Ohlsson: Swedes have hidden wealth

When asset prices rise, wealth distribution becomes more uneven as the assets are not evenly distributed among households. But there is hidden wealth in Sweden that mitigates these effects – in the collective pension funds. These were the words of Deputy Governor Henry Ohlsson when he spoke today at a webinar organised by the Swedish Trade Union Confederation (LO) on the distributional effects of monetary policy.

Date: 12/04/2021 15:00

Speaker: Deputy Governor Henry Ohlsson

Expansionary monetary policy has effects on income

For several years, the Riksbank has conducted very expansionary monetary policy to bring inflation closer to the target.

Expansionary monetary policy leads to several different effects. It causes asset prices to rise and thus makes asset-owners wealthier. As the wealth is unevenly distributed among households, the income from it, capital income, will also be unevenly distributed.

At the same time, however, unemployment decreases when monetary policy is expansionary. This makes labour income more even than it otherwise would have been. “The effects on capital income and labour income thus counteract each other and it is therefore difficult to say what effect the expansionary policy has on the distribution of total income”, Henry Ohlsson pointed out.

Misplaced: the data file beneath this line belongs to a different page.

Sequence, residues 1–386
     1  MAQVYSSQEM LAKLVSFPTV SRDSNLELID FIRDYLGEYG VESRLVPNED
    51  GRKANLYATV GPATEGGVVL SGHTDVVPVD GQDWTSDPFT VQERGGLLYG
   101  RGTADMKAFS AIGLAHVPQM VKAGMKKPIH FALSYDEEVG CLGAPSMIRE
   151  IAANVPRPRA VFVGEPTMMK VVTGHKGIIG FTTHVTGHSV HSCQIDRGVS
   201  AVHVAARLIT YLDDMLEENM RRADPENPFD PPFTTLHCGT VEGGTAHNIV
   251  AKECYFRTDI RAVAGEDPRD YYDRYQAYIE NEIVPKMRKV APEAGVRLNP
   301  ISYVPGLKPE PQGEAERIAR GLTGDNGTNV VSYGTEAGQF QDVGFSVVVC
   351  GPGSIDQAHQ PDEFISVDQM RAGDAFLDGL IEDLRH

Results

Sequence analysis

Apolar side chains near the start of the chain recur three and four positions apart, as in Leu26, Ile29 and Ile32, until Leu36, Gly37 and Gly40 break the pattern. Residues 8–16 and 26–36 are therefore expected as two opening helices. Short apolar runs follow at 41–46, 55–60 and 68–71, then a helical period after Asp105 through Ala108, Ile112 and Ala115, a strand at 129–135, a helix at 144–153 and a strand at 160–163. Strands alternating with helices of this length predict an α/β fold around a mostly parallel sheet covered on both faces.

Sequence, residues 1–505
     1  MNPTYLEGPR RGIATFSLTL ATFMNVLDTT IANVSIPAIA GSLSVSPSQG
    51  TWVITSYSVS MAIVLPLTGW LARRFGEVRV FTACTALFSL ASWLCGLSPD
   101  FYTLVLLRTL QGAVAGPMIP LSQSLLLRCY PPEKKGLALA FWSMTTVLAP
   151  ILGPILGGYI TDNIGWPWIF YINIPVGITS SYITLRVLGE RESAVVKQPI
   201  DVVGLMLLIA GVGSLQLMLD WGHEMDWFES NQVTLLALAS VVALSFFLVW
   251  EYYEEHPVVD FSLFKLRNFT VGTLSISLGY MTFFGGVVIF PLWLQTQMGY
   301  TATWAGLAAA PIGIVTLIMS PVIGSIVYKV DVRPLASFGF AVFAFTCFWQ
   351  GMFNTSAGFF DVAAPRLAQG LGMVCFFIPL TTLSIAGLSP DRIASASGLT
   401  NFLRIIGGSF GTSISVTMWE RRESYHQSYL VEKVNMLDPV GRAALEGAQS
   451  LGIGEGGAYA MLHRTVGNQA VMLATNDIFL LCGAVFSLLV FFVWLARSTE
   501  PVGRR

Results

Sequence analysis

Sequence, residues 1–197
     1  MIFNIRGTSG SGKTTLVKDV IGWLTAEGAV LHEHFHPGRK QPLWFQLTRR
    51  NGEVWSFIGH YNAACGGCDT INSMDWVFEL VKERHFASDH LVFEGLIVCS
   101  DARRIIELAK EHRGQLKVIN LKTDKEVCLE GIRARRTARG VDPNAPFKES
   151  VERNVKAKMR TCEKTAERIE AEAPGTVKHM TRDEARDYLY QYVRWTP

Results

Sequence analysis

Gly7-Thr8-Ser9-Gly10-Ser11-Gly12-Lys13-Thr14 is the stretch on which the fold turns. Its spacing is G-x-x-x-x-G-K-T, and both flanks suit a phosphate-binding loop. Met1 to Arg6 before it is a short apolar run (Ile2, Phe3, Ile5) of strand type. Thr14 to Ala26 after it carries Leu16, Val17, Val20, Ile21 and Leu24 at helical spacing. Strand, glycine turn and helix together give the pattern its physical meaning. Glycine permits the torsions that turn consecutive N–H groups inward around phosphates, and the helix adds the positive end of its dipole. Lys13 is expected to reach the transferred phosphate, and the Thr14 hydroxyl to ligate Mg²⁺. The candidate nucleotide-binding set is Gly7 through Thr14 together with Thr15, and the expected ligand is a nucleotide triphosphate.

Collective pension funds lead to more evenly distributed wealth

But this does not prevent wealth from being more unevenly distributed when asset prices rise. In Sweden, however, the effect is mitigated by the fact that a comparatively large share of the wealth is in collective pension funds. This means that more people benefit from increases in wealth than if these funds did not exist. In many other countries, these funds do not exist. “In other words, this hidden wealth is an aspect to consider when discussing the distributional effects of expansionary monetary policy,” Henry Ohlsson concluded.

Updated 12/04/2021